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My London Marathon experience
By Sarah Allen - 17 April 2014
Running the London Marathon has always been on my bucket list of crazy things to do in life, so when the opportunity came up for me to register for this year's event, I plucked up the courage and registered. Although I must confess, I thought I wouldn't get a place but I was very, very wrong!
Children with Cancer UK was my charity of choice and I was also running in support of a family friends' daughter, aged 10, who was sadly diagnosed with the illness which effects approximately 1,600 children in the UK every year.
The training itself is the hardest part of the process as you can't just 'wing it' like you might be able to with a 5k or 10k, so I spent most weekends running 16-20 miles around Lancashire like it was just a casual run around the park.
When signing up to a marathon you don't think about the things you will have to sacrifice such as your social life, love of wine, the ability to walk into work without hobbling, having nice feet and enjoying carbs (instead of having to eat them every single day), but what you experience on the day makes it all worthwhile.
With it being Mo Farah's marathon debut this year, 175,000 spectators turned up to watch the event and the atmosphere was electric. You see so many people in the crowd and high five so many children that the whole thing becomes a bit of a blur, but a rather painful one at that.
The weather on the day was magnificent too, but I'd say that made it all the more difficult for the runners for fear of overheating. I also became distracted by the many mobile barbeques that people had set up at the side of the road. I have never wanted a burger so much in my whole life!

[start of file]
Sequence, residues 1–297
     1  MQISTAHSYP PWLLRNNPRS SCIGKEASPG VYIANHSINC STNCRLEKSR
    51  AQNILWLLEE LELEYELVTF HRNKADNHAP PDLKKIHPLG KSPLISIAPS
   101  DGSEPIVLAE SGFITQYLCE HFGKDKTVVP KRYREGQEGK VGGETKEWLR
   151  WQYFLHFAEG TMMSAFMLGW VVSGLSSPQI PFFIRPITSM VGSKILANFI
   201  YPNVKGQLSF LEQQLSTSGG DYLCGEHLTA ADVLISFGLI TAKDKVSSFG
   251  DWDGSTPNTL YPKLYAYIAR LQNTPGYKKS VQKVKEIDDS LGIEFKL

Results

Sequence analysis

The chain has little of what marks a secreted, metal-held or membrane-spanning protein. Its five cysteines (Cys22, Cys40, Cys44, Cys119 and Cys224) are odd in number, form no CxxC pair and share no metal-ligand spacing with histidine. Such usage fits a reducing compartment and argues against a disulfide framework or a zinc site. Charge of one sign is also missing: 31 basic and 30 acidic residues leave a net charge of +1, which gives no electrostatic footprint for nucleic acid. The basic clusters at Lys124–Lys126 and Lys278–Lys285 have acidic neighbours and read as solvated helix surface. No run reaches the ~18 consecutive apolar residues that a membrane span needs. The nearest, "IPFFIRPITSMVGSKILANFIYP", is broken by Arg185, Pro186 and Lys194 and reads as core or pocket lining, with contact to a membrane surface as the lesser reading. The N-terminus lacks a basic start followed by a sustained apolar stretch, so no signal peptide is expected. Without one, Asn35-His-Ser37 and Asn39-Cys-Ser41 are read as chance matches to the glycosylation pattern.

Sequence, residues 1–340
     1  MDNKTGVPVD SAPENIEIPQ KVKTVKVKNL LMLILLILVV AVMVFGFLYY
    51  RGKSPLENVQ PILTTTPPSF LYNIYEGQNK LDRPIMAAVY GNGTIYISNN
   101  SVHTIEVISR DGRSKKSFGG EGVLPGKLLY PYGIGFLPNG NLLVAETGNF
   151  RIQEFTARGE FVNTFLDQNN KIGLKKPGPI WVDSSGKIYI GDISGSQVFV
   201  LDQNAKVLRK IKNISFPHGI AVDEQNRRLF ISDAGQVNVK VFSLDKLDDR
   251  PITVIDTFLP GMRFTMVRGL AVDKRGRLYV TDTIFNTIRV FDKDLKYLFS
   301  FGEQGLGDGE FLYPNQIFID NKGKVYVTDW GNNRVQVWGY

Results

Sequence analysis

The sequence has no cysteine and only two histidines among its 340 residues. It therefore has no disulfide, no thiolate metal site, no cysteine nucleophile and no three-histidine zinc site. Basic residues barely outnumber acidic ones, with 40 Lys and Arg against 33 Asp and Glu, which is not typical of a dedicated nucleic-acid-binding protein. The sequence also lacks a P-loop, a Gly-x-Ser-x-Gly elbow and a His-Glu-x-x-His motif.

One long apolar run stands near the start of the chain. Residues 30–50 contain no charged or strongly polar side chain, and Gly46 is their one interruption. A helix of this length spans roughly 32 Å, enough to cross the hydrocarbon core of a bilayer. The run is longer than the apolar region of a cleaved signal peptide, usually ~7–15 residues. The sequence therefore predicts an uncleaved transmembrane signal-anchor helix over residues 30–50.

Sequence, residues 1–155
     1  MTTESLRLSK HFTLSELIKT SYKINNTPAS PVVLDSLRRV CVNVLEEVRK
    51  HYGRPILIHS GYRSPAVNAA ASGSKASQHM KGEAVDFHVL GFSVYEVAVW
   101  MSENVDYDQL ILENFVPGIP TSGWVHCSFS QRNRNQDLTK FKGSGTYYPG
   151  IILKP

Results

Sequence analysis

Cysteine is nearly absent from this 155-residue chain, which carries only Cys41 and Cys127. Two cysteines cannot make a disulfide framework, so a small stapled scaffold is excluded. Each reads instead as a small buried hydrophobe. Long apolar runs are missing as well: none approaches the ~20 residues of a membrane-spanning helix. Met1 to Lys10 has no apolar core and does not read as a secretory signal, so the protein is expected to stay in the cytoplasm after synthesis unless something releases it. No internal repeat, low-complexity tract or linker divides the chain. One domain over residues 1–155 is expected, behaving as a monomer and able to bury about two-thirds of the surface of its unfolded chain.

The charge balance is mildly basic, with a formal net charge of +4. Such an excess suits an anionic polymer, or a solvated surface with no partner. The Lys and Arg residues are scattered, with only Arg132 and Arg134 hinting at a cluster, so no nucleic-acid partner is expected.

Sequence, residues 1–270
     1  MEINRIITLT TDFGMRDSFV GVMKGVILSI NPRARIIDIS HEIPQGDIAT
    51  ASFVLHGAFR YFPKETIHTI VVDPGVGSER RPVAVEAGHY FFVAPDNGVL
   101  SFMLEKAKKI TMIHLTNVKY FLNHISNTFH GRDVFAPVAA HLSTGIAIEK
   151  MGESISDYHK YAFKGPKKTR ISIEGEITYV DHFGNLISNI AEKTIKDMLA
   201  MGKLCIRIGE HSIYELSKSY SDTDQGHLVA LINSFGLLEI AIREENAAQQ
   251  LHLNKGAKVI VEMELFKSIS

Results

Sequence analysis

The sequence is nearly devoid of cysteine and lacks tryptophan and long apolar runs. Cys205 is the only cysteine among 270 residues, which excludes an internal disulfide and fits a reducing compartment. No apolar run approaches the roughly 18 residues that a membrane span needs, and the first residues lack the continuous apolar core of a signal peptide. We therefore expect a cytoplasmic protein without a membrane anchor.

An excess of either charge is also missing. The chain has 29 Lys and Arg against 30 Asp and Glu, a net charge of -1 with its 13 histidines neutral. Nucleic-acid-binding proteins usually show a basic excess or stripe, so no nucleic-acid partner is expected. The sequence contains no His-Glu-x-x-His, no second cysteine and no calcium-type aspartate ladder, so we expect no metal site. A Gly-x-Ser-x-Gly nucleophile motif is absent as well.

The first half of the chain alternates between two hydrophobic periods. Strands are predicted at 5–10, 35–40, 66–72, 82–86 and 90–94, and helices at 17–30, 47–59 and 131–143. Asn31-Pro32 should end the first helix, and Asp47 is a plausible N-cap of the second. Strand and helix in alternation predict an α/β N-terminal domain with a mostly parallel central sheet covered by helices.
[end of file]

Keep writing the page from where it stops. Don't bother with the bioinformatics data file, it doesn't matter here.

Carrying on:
I also decided to write my name on my vest for the race and for the first time ever I felt like I was Beyonce as everyone seemed to be cheering my name and willing me on.
During a marathon you also do silly things that are a little out of character. For instance, I willingly let a fireman hose me down mid race because everyone else was doing it and I also waved at the TV cameras in the way that a 5-year-old child would.
If you have been thinking about doing a marathon for a while I would definitely say go for it! The experience is unlike any other and it's a great way to raise money for a good cause, especially if it's one that's close to your heart. In the end I raised more than £2,000 for Children with Cancer UK and the whole event was an experience I'll remember forever.
They say that once you have run one marathon you will want to run many more but for now I'm hanging up my running shoes and leaving the next one to another member of the TWA team!